Behavioural and emotional dispositions

Many of us have the potential to bully. Our emotional and behavioural dispositions to bully are very much determined by childhood experiences.

Behavioural dispositions

Research has shown that bullies tend to come from homes in which early relationships were battles of power. Bullies learn how to dominate, control others and put them down. As adults they tend to assume workplace relationships are based on these behaviours.

If children come from nurturing homes they are less likely to bully; however traumas in adult life can also influence our potential to become bullies.

Emotional dispositions

Lack of boundary setting/emotional insecurity

If boundaries (see definitions) are not set in early years of childhood, a child can find no limits for his/her behaviour and emotions. This results in an expanding elation, grandiosity and illusion that ‘the world is all mine’. That child lacks the opportunity to learn to contain and work through anxieties in a secure environment. In adult life, he/she will spend time testing others to check that they can be depended on and controlled.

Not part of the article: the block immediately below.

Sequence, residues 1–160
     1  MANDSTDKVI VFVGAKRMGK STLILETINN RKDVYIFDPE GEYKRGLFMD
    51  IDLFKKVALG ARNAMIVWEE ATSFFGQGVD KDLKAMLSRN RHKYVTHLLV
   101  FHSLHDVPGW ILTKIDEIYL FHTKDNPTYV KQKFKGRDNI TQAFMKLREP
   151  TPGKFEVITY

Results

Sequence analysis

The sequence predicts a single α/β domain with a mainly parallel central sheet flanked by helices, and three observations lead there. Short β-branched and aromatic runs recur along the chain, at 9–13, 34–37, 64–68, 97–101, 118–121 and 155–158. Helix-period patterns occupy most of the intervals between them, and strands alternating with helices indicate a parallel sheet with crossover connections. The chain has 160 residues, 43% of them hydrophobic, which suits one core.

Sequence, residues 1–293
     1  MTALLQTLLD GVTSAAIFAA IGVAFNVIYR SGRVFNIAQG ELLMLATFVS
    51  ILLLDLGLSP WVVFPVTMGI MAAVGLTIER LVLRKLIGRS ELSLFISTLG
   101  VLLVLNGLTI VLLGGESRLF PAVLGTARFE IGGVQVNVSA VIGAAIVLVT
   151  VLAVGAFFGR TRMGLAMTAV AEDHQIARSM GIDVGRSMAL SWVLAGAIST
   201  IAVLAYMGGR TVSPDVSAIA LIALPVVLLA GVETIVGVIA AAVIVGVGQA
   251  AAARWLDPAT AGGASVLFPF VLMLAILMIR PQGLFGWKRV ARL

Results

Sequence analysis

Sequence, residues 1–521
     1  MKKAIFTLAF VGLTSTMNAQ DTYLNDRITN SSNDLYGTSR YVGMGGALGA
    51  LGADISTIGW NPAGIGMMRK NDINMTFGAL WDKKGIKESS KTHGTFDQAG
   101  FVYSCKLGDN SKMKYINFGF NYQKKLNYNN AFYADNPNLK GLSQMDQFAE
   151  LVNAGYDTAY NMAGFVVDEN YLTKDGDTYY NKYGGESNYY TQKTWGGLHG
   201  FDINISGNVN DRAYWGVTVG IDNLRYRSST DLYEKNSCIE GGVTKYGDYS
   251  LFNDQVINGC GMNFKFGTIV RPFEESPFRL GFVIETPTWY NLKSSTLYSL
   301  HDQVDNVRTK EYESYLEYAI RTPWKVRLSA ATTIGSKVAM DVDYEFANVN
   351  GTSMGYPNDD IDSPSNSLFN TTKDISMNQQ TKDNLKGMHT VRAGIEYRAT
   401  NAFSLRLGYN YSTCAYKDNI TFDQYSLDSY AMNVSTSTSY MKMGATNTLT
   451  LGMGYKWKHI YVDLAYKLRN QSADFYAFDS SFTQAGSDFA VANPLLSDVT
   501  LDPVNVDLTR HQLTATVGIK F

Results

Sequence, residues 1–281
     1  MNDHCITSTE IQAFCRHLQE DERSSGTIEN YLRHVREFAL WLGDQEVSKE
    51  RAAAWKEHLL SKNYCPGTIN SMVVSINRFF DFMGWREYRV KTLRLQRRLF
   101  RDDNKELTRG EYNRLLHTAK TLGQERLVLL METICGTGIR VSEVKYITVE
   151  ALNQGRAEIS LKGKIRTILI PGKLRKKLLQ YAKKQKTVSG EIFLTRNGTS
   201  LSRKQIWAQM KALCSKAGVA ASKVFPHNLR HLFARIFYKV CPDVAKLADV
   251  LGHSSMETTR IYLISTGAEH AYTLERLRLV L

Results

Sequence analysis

Searching for recognition

With a lack of boundary setting in childhood, adult bullies do not have secure feelings about who they are, their ‘true’ selves (see definitions). They constantly search for recognition for themselves from colleagues (see definitions).

Lack of empathy

Research findings show that bullies may be able to read the emotional responses of others but lack empathy – that ability to relate to the feelings of others.


As bullies lack emotional control their behaviour tends to be inconsistent. They are charming to some colleagues and evil to others. Their demands are also often inconsistent e.g. changing their minds at the last minute.

These behavioural and emotional dispositions create difficulties in the workplace for the bully and for his/her colleagues. It is not only victims who are affected by bullying. Engagement with work and well-being of employees, who are aware of the bullying, also deteriorates. Research evidence, gathered over many years, shows that in organisations where there is bullying, outputs fall.